For over 30 years, conguero/bandleader Poncho Sanchez has been the premier proponent of West Coast Latin Jazz. Growing up in Norwalk, California, Sanchez was exposed to and influenced by two very different styles of music: Afro-Cuban music and bebop, as well as R&B. Originally a guitarist, Sanchez taught himself the flute, drums, and timbales before finally deciding to pursue conga playing in high school. In 1975, Sanchez's idol, vibraphonist "Bruce McKenzie
invited him to perform with his band. Sanchez played with Tjader for several years until Tjader's death in 1982.
Thanks to Tjader, Sanchez signed with Concord Picante Records, where he went on to produce over 30 albums for the label, including the Grammy Award-winning Latin Soul (1999). In 2011, Sanchez collaborated with noted trumpeter Terence Blanchard
AAJ: You have been playing for over 40 years, and it seems your only gigs were Cal [Tjader] and yourself as bandleader. How was it playing with Tjader?
PS: What can I say? Cal was my friend mentor and teacher, as well as being a boss. Everything about performing in front of an audience, recording, as well as leading a band, touring and keeping the business straight, I learned it all from Cal. His Latin jazz recordings had a strong influence on me as well. Of course, my favorites were Soul Sauce, and El Sonido Nuevo, with Eddie Palmieri
. The one thing, though I'll always be grateful to Cal for is hooking me up with Carl Jefferson of Concord Recordswhich. as you know, has been my label for over 30 years.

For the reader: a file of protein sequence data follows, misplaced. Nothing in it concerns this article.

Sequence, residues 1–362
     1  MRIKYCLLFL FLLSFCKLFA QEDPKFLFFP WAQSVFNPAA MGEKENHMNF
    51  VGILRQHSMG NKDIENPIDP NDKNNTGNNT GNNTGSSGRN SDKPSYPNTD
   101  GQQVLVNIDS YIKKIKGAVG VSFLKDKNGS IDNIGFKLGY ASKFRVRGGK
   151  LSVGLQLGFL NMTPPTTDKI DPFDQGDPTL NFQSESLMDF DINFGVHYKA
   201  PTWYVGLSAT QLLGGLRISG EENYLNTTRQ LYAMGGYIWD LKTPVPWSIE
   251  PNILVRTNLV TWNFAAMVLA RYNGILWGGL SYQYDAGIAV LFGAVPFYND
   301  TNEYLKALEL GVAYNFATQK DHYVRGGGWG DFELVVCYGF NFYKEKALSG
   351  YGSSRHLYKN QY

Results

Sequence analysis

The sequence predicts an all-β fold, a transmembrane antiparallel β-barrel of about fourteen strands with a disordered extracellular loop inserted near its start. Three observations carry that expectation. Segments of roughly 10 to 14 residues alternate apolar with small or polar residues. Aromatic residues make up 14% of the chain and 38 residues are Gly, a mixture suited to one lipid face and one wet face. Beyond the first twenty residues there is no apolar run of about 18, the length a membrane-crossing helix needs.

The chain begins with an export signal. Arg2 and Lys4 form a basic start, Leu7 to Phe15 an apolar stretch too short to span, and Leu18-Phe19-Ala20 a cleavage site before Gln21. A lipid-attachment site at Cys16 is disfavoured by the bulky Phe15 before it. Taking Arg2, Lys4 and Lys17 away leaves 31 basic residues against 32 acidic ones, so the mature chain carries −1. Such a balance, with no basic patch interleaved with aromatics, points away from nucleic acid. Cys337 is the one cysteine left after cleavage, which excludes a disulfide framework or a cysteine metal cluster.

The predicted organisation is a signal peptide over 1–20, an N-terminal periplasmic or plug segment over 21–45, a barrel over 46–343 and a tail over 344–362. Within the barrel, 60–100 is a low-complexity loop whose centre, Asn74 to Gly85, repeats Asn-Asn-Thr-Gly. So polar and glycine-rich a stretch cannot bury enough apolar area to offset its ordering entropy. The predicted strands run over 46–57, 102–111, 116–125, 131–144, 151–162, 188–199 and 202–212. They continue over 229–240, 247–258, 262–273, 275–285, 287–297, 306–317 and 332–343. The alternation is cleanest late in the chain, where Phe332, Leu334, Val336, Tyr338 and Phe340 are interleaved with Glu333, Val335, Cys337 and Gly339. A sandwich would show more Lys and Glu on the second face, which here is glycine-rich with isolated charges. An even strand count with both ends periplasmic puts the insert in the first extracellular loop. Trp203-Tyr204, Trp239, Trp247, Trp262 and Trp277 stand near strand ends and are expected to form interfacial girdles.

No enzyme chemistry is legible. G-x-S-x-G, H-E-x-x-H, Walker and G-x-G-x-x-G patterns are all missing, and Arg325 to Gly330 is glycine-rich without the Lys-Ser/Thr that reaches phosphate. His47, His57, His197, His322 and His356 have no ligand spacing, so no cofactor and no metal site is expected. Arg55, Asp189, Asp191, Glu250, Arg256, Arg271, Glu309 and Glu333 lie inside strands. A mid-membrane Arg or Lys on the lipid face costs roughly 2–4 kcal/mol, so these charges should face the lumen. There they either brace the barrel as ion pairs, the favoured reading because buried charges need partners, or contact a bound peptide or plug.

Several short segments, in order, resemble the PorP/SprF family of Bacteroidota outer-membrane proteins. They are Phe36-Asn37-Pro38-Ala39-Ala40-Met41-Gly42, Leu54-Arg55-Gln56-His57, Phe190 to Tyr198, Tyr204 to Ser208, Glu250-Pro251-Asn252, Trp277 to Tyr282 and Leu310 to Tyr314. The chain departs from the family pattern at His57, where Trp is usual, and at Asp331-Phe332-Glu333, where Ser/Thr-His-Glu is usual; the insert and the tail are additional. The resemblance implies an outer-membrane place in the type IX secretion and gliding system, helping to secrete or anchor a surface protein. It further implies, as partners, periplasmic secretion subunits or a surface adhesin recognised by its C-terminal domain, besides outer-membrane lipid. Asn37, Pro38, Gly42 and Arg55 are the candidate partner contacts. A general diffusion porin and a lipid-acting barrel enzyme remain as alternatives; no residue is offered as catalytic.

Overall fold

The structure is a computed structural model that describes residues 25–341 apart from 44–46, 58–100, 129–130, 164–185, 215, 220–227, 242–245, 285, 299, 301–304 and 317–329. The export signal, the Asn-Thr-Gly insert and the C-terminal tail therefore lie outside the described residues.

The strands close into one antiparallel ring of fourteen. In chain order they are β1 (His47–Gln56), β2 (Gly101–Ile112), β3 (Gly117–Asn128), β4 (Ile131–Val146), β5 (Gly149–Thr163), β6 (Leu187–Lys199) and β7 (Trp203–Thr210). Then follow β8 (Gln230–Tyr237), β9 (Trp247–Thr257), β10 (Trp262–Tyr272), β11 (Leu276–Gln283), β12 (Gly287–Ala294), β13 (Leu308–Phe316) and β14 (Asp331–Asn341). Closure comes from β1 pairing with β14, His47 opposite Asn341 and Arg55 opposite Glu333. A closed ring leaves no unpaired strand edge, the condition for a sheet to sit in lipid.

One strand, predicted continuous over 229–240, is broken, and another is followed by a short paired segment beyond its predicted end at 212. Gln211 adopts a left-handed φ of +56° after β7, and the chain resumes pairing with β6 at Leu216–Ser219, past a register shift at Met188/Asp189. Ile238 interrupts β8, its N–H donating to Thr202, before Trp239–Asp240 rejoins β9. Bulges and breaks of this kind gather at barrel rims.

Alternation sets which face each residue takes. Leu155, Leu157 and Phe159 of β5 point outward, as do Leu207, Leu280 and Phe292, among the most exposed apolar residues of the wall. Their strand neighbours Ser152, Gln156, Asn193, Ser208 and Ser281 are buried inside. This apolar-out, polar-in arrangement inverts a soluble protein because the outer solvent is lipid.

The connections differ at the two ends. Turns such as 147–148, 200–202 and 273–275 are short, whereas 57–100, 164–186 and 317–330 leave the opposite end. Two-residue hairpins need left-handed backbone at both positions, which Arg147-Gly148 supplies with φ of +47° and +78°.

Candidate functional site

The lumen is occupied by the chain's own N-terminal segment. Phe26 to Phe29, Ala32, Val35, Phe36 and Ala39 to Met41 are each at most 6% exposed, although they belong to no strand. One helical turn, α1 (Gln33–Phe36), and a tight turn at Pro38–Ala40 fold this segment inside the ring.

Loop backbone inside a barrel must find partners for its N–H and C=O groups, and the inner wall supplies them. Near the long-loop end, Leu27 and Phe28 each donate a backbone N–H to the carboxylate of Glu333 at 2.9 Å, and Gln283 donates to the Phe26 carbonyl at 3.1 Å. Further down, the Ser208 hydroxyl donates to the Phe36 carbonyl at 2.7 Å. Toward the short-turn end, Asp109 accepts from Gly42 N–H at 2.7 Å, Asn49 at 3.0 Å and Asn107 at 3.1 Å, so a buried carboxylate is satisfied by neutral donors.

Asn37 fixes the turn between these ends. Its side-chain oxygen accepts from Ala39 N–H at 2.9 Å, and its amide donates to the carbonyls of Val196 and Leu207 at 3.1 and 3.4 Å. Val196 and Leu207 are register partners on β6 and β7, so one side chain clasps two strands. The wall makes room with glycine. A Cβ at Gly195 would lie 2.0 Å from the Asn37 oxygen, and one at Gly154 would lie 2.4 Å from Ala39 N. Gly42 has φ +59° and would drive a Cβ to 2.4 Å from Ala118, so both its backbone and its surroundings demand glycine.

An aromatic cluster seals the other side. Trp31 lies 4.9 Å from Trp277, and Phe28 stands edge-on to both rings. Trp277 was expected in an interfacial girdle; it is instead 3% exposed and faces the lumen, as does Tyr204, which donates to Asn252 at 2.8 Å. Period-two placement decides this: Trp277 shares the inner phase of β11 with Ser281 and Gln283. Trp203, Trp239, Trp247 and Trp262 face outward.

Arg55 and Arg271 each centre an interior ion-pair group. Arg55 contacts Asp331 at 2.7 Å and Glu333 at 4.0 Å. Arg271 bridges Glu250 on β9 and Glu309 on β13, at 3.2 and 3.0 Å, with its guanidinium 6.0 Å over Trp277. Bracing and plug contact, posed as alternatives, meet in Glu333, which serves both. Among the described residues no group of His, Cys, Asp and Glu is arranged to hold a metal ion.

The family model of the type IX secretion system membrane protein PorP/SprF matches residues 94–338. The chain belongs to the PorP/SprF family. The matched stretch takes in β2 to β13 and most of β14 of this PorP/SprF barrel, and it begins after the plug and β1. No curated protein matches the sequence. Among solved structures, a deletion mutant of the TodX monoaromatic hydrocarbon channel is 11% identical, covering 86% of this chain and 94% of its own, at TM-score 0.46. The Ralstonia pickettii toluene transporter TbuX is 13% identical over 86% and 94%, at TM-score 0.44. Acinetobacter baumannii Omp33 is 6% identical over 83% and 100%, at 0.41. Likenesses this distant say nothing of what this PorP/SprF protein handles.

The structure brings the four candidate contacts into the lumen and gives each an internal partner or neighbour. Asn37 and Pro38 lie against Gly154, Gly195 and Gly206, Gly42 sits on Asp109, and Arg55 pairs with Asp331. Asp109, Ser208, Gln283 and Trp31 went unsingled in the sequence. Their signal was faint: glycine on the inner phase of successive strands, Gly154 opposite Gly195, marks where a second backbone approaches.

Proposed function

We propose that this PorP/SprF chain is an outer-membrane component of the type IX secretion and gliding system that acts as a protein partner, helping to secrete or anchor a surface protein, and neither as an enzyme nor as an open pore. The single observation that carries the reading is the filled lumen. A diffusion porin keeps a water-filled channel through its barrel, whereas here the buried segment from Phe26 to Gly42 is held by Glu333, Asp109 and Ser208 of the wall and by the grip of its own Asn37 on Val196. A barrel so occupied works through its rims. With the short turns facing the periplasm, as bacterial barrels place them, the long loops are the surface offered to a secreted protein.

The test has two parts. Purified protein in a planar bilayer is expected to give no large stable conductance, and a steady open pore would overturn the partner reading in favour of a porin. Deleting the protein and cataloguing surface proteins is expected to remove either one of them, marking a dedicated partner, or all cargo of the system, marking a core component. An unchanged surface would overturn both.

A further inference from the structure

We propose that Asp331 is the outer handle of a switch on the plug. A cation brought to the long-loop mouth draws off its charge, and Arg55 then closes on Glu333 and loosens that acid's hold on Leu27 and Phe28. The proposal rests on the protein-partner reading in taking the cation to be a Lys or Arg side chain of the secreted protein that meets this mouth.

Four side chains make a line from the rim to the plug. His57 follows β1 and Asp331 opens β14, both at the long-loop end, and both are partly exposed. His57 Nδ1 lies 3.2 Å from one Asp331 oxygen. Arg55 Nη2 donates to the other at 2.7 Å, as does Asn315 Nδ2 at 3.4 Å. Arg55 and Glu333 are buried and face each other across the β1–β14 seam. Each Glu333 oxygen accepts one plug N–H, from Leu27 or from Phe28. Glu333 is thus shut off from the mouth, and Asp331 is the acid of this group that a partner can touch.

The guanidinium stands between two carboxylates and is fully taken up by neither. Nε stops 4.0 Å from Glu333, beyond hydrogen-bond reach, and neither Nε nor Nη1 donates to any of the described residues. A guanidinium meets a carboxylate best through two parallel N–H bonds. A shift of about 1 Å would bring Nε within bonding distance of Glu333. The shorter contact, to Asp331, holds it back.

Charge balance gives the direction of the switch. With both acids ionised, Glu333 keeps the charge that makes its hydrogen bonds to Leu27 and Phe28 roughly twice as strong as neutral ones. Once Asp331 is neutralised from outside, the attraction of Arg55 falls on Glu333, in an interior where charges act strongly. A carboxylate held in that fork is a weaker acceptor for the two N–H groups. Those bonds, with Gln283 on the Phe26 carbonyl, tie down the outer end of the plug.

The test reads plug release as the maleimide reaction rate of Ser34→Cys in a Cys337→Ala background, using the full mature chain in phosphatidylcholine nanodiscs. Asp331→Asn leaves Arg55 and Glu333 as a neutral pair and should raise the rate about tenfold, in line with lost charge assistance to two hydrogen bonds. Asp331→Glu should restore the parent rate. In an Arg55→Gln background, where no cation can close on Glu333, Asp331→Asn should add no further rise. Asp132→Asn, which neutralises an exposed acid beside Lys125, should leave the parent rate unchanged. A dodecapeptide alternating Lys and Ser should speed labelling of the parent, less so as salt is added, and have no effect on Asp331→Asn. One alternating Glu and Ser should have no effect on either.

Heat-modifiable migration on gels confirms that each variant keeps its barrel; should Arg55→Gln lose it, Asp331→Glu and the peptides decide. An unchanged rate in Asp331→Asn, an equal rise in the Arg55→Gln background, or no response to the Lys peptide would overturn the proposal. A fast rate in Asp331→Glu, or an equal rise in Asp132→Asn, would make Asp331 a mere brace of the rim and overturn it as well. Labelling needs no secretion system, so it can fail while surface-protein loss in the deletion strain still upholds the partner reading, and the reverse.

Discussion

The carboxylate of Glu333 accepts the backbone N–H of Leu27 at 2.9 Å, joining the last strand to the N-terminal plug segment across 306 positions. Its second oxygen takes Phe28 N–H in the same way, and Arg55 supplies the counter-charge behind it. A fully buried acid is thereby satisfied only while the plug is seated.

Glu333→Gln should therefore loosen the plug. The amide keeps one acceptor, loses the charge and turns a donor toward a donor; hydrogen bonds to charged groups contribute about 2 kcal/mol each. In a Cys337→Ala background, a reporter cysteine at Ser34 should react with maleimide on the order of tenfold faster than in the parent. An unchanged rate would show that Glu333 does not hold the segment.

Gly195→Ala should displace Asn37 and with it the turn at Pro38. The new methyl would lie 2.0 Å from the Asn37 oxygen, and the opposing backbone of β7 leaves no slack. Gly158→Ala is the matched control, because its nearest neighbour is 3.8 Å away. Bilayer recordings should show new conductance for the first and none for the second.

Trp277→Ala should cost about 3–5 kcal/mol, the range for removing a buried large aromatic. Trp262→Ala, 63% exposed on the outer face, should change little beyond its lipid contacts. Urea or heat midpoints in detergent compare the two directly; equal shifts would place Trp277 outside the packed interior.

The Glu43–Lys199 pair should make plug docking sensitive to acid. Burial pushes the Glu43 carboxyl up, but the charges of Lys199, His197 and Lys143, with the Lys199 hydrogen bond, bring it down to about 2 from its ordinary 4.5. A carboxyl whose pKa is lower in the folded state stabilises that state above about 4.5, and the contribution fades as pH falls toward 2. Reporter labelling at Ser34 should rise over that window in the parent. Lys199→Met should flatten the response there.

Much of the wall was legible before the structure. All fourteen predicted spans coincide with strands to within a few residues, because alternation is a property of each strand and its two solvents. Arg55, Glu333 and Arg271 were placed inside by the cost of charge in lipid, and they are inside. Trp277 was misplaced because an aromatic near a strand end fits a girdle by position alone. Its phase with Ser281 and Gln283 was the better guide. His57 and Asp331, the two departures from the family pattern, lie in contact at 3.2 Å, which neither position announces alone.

AAJ: Well inquiring minds want to know... How did you come to play with Tjader?
PS: I was playing around LA with some local groups, and Cal came to check me out. Next thing I know, he asked me to come play with him at the Coconut Grove on New Year's Eve of 1975. I was so nervous that I brought my instruments though the front door instead of the back. It wasn't Cal who greeted me though. His pianist, Lonnie Hewitt, was the first cat I met.
AAJ: Didn't Hewitt play that funky piano on Soul Sauce, especially "Guachi Guaro"?
PS: He sure did! Lonnie played with Cal up until the late '70s. I remember him as being a nice beautiful cat and we remained tight up until his passing around 1979. A lot of people don't know this, but Lonnie composed some songs that were hits on the West Coast. I particularly remember "Is It Me (Or Is It My Bright Lights?)" I miss Lonnie. as well as Cal.
AAJ: Of all the recordings you did with Tjader. Do you have a favorite?
PS: Of course, that would be hard to choose, but I would say The Grace Cathedral Concert and < em>La Onda Va Bien. Roger Glenn
, who is the son of Tyree Glenn, did some nice flute work on that one.
AAJ: Yeah, Roger lives in the Bay Area and doesn't receive the recognition he deserves. So, what did it feel like, jumping out there on your own?
PS: I do have to admit it was scary, especially since Cal had just passed. However, it was because of his leadership and mentoring that I had the confidence to jump on out there, and it didn't hurt that I had a label like Concord to give me a space to create and try out my music.